Order of the Good Write

That Magic Feeling When the Words Flow. A Blog by Debi Rotmil


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“Swim Til You Can’t See Land”

swim til you can't see land

Artwork by Rebecca Rebouche

David Bowie once said that the best place for a creative person to be is in the in-between. Floating between safety and peril, that lovely bouncing sense of nothing where your heart is in your throat, but your eyes are firmly set on the horizon. When you walk out in to the water’s edge until your feet barely touch the  ground. That’s the perfect place to be.

Sometimes being creative means to be brave. Being creative can mean producing word, art and performance. But it can also mean delving into a new depth of life. It can be about not letting fear get in your way. Bravery is breaking through convention and routine to build a scary road toward a life where you’re honoring your gift.

The best place to be is in the scary. Writing is scary. Creating a life you want rather the one you settle for conjures fear.

Isn’t it nice to know you can embrace fear?

Just embrace it. Let your failures be proof that you tried. Then get up and do it again.

And if you look around at your chaotic life where everything seems to be going wrong, don’t dwell on why. Understand how it happened. How the choices you made brought you here. Don’t dwell. Hash out the plans to get you out of it.

Remember, “The choice may have been mistaken, the choosing was not. You have to move on.”

Much like the glorious work of Rebecca Rebouche, whose delicate, surreal artwork (whose work you can find here), lends so much toward writing inspiration. Her work allows you to move away from the river’s edge until you feel the scary in-between.

 

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Writing Beyond Convention

writing

When did you know you wanted to be a writer?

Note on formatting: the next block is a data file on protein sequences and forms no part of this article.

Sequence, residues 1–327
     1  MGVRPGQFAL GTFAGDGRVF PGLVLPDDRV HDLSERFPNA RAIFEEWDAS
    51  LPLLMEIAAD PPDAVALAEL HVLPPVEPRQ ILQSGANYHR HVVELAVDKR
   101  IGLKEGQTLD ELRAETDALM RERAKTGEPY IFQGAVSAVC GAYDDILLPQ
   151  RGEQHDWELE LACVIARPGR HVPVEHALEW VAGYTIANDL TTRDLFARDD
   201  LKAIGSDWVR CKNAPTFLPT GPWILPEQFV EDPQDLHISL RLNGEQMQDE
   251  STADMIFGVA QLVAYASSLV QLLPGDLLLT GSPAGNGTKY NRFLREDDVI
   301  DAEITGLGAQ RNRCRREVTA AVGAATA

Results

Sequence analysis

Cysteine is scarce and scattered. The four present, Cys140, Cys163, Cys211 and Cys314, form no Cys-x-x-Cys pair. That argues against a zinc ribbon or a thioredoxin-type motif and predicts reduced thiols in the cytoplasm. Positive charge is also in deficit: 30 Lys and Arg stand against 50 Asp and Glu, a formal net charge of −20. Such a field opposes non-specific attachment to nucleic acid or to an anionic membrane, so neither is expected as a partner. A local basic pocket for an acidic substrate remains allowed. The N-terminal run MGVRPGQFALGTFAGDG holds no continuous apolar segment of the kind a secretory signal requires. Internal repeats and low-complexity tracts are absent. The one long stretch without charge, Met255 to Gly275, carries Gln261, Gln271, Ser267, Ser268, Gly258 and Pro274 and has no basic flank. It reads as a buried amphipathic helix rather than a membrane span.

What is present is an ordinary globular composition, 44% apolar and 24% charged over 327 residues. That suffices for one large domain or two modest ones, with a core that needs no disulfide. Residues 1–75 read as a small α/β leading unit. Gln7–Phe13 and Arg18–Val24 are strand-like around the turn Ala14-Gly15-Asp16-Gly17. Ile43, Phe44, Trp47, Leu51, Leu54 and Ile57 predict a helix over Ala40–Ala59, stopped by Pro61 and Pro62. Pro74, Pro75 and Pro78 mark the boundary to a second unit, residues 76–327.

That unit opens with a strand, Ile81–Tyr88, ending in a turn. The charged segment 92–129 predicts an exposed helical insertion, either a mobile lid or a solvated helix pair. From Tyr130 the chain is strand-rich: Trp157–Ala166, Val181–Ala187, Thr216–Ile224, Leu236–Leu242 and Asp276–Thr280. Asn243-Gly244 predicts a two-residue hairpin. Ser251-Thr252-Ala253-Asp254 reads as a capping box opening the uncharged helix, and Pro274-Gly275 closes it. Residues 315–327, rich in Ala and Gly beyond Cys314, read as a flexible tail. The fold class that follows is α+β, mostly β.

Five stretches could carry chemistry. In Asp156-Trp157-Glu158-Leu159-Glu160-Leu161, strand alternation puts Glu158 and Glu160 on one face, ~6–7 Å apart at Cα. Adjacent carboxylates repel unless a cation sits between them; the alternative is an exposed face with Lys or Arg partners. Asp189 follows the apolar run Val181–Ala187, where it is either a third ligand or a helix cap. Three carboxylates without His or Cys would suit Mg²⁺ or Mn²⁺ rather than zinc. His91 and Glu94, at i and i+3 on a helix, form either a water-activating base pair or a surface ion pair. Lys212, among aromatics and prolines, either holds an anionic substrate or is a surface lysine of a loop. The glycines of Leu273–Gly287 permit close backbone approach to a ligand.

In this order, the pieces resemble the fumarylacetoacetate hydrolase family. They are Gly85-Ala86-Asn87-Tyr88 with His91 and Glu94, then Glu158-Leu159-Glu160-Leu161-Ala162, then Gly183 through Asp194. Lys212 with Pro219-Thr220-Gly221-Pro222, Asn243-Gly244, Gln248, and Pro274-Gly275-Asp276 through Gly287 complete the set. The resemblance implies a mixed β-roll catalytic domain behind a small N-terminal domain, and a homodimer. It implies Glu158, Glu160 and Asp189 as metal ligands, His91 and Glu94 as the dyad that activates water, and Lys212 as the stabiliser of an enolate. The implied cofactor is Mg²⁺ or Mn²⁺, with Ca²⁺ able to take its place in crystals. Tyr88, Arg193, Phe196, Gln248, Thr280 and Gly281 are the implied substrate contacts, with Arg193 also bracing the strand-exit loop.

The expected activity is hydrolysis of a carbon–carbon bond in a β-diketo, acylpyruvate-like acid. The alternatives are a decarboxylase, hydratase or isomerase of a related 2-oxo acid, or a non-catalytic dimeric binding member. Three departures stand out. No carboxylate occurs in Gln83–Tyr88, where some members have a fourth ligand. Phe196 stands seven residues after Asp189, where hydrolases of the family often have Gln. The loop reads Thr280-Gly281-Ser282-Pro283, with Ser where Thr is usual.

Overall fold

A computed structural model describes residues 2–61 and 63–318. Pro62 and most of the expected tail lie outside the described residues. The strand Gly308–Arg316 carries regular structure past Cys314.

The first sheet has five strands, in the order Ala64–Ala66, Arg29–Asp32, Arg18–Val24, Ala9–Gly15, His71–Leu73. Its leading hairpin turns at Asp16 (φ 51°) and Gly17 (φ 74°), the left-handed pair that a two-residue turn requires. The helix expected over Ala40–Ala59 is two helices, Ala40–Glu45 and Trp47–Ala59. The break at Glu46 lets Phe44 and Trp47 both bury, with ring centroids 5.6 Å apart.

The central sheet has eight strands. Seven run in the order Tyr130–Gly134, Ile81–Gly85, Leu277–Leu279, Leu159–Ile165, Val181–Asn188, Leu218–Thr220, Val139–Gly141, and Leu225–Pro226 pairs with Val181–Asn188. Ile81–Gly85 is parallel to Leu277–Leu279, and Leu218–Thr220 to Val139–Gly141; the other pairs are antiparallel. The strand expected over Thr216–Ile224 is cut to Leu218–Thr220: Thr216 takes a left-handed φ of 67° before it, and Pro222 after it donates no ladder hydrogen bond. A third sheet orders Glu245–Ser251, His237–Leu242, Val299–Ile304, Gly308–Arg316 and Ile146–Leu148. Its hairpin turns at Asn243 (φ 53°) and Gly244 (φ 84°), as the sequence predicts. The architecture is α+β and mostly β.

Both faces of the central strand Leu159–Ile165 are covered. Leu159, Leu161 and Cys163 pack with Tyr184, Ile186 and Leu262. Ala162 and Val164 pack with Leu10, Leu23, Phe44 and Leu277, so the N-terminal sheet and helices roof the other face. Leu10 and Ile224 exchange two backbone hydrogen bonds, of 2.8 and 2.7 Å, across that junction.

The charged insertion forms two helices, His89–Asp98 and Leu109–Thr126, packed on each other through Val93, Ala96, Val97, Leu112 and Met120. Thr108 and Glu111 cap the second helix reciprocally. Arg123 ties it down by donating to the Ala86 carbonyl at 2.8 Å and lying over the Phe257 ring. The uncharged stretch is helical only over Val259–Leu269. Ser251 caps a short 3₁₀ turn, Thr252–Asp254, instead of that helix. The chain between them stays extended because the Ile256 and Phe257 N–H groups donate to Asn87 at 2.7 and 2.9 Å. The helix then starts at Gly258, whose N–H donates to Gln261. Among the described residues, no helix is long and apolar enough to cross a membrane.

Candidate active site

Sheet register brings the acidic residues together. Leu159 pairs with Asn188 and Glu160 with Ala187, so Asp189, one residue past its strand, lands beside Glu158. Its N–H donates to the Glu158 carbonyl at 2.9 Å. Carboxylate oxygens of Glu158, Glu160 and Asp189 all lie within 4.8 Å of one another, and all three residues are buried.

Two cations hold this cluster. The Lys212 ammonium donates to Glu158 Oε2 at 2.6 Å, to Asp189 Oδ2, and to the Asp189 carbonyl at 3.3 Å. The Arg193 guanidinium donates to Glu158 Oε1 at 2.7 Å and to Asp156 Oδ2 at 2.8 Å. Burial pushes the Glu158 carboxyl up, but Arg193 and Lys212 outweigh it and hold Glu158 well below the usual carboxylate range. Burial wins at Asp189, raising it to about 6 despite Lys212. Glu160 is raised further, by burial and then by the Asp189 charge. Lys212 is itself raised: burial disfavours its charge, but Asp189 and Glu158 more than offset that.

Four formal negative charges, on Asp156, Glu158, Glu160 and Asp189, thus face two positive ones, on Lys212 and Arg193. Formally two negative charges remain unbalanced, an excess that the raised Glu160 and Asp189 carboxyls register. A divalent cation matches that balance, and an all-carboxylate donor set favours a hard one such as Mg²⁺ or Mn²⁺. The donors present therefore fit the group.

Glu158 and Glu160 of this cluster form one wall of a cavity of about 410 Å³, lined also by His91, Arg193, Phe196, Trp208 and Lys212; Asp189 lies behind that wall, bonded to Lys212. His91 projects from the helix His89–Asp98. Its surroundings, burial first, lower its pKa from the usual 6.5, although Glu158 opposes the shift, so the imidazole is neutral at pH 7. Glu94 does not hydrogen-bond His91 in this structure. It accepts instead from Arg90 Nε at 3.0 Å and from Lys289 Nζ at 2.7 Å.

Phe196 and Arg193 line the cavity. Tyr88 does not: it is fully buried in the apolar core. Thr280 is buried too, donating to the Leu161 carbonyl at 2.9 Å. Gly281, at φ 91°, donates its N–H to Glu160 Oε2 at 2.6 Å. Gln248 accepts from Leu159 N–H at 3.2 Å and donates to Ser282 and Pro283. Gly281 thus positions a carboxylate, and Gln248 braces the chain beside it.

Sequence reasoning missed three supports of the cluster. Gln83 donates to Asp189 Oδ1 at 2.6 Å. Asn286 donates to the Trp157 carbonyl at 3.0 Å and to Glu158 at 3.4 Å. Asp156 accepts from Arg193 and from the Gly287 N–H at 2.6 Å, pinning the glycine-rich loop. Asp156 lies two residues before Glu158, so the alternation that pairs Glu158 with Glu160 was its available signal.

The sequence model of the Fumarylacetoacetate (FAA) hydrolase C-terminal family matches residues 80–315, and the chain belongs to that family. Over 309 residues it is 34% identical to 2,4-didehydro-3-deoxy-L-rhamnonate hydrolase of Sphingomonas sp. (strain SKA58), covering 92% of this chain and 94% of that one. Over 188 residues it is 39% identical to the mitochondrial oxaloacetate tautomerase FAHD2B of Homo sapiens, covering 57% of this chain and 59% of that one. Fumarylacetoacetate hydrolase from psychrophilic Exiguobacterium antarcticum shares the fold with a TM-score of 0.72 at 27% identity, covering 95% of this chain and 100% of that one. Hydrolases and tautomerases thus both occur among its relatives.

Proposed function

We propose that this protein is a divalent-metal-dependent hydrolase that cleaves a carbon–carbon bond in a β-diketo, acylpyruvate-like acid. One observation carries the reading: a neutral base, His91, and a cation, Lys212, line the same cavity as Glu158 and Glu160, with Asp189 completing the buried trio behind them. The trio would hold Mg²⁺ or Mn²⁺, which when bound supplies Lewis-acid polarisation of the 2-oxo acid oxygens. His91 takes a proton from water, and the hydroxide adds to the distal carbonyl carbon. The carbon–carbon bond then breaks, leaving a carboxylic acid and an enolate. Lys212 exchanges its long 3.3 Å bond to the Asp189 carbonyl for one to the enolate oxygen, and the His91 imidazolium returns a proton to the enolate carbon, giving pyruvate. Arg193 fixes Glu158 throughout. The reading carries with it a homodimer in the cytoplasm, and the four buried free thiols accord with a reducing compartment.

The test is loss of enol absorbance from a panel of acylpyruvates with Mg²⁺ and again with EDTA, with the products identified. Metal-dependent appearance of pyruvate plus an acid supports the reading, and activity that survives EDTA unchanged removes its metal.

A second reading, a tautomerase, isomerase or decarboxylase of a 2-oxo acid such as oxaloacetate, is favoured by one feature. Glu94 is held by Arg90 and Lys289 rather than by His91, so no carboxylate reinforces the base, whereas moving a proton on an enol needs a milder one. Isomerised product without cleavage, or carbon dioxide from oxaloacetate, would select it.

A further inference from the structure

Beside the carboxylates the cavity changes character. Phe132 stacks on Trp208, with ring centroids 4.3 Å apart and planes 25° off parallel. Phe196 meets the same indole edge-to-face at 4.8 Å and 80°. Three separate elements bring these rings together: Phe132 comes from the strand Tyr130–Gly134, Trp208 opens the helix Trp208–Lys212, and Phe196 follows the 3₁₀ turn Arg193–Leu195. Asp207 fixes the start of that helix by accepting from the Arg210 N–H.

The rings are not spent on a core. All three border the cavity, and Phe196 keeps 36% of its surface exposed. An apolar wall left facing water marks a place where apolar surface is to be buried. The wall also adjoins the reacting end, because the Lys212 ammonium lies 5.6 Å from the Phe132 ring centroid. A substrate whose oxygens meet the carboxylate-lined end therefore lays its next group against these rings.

Was it as soon as you learned how to read and write? Or perhaps it was during elementary school when you put together your first story or book review for class?

Perhaps you were a book worm and adored every texture and nuance of storytelling. You devoured pages of fantasy and story line. You believed you could do this too. You wanted to tell stories about people real or make believe. You wanted to dazzle strangers with beautiful books the same way beautiful books dazzled you.

For me, the love of writing took time. When I was a teenager I adored drawing cartoon characters of my teachers and wrote funny, dorky dialogue in squiggled bubbles above their inked heads. I’d pass them along to a friend who would add to the cartoon or the dialogue – and before you knew it, we created little vignettes of school satire that produced suppressed giggles.

Being a writer wasn’t on my mind. I think Jimmy Oxley the cute senior who was the captain of the football team fascinated me more. Then Robbie, then David, the Glenn, then Marc….

Perhaps I was a bit boy crazy, and not the brightest bulb on the marquis as a kid, but I wrote well. However, my understanding of grammar and defining adverbs and adjectives, split participles and run on sentences was lacking. Grammar and its strict rules bored me.  Everything did.

As a child, I used to daydream while gazing out the window.